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Colleges must prepare students for an AI world

JPL engineers put together a drone race to find which is faster – a drone operated by a human or one operated by artificial intelligence. The race capped two years of research into drone autonomy funded by Google.

Computer scientist Andrew Ng has called artificial intelligence “the new electricity” and bemoaned a “scarcity of talent and data slowing” its adoption. Meanwhile, research and advisory firm Gartner has projected that AI will create 2.3 million new jobs next year — while eliminating 1.8 million jobs.

Our college curricula must respond swiftly. As educators, we must prepare our students to succeed in a society where human and machine intelligence co-exist. Corporate human resource executives also must consider how to train employees to be productive in the new workplace.

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The rise of artificial intelligence and machine learning (AI/ML) creates new imperatives for what we teach across all majors. Much has been written about how AI technologies can be leveraged to deliver education, for example, by helping create material that is more personalized, flexible and responsive.

Montreal’s Dawson College recently budgeted $1 million for an AI initiative that will engage some faculty — the project’s first fellows — in AI-related integration that will transform the education of all students.

New technologies are clearly relevant to students enrolled in computer science, engineering and other technical disciplines. But a move like Dawson’s signals the impact extends far further.

Indeed, three critical elements must be part of any university education today.

First, every student should be required to take a course on AI/ML — call it AI Literacy 101. The course will demystify AI, separating hype from reality. It will discuss the original, grand vision of AI; the missteps along the way and how we got to where we are now.

Students will learn about various technologies that constitute AI — robotics, computer vision, natural language processing and more. They’ll discuss the Turing test: the touchstone that allows us to determine whether machine intelligence is distinguishable from human intelligence.

They’ll explore the limits of AI — what it can and cannot do, where it has the potential to be useful, and what aspects of work and decision making remain within the exclusive purview of humans. Doubtless, such information will be pragmatically useful in guiding future career choices of fields of study.

Second, while the benefits of diversity and ability to work in diverse teams have always been important, they become front and center in an AI/ML world. That’s because AI/ML relies on vast quantities of data to learn — to recognize patterns, make predictions and understand the relationships among factors.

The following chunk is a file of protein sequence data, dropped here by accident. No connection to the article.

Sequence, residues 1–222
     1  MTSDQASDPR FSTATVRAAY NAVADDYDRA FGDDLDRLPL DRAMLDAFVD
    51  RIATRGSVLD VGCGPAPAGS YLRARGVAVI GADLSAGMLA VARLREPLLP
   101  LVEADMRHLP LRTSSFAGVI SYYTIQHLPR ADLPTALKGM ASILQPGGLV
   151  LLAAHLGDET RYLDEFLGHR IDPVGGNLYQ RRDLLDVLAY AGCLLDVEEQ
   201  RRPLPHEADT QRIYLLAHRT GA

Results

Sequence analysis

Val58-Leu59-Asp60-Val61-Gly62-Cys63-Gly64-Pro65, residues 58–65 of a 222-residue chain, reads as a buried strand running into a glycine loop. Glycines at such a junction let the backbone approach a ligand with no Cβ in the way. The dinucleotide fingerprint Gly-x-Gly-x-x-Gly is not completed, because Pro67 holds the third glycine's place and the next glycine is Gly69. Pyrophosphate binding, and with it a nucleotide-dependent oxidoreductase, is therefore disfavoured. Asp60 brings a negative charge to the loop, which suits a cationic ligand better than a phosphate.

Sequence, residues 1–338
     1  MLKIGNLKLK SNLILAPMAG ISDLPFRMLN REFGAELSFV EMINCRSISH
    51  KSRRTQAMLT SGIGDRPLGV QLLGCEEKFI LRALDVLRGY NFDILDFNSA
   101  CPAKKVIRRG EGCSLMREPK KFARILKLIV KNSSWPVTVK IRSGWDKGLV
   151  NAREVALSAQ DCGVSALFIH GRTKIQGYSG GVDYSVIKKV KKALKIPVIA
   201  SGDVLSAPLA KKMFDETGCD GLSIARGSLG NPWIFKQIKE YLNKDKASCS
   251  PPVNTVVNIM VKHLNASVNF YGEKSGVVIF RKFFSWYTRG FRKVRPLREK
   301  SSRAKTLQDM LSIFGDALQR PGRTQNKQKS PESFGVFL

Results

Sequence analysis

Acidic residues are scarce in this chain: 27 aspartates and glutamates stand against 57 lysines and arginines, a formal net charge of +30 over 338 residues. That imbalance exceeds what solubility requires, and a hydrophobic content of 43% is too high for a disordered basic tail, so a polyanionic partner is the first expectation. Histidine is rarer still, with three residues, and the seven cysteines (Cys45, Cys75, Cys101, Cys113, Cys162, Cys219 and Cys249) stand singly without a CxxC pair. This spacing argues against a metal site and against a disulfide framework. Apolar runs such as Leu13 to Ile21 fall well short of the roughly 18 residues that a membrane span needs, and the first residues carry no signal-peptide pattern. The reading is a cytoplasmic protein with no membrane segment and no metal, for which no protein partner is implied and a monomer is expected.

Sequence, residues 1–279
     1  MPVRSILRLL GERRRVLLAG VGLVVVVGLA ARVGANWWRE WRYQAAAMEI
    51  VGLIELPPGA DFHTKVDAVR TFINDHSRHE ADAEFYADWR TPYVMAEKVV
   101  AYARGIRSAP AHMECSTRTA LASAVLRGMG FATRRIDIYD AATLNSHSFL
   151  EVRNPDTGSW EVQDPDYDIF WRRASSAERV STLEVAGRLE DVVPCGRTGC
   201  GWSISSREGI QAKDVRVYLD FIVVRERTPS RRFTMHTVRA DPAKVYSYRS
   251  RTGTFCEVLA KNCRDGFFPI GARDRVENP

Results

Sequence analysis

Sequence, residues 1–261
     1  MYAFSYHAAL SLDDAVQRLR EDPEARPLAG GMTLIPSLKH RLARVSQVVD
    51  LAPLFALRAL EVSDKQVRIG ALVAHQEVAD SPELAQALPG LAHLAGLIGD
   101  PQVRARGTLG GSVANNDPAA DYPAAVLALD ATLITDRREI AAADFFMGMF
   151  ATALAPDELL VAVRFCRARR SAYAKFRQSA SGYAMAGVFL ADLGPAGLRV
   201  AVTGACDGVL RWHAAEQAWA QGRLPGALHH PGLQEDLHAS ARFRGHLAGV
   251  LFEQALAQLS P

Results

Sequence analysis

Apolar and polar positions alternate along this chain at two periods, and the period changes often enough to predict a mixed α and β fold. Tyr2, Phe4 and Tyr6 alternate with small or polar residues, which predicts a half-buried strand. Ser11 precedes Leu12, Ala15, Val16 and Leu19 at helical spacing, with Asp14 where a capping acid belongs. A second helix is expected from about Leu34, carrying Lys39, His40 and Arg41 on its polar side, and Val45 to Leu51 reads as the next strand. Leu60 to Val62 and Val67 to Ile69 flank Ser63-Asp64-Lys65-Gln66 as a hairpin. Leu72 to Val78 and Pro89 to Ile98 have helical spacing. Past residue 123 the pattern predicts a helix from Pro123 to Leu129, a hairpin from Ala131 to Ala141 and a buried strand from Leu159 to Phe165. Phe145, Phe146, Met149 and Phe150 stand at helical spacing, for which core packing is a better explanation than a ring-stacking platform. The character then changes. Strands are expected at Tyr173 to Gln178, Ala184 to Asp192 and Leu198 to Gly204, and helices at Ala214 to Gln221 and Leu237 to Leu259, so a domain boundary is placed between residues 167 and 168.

What the machine knows is what it is exposed to. Just as humans who interact with only those who are similar to them will be less likely to develop a broad knowledge base that equips them to address unanticipated scenarios, likewise, a machine algorithm that gets data on only one type of individual or situation becomes less likely to perform optimally when encountering an unexpected situation. A wide-ranging set of experiences makes us smarter as humans and, correspondingly, diverse data make algorithms better.

Being an informed consumer of AI/ML requires every student to have a deep understanding of the nature and existence of bias and how it can be minimized or eliminated in these new intelligences we create.

Third, we must prepare students to work in concert with machine intelligence — whether in a substitution or supplemental mode.

Should AI replace a human? In robotics, the choice is simple — if the robot is capable of emulating human motion, cognition and response to an acceptable level of performance, it will.

The question is more nuanced in work that involves judgment and intuition. AI may be used to complement human analysis. In radiology, for example, algorithms today detect anomalies and human radiologists confirm them.

Future workers must have keen appreciation for where the human-machine boundary falls. Just as it is a learned skill to work effectively in teams with smart colleagues, working hand-in-glove with AI will need to be taught.

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Change is needed now. Progress in these technologies will continue to unfold exponentially. We simply must accelerate our response in higher education.

Ritu Agarwal (ragarwal@rhsmith.umd.edu ) is a professor and senior associate dean for faculty and research at the University of Maryland’s Robert H. Smith School of Business. She is also the Robert H. Smith dean’s chair of information systems and will serve as the school’s interim dean, effective Aug. 15.

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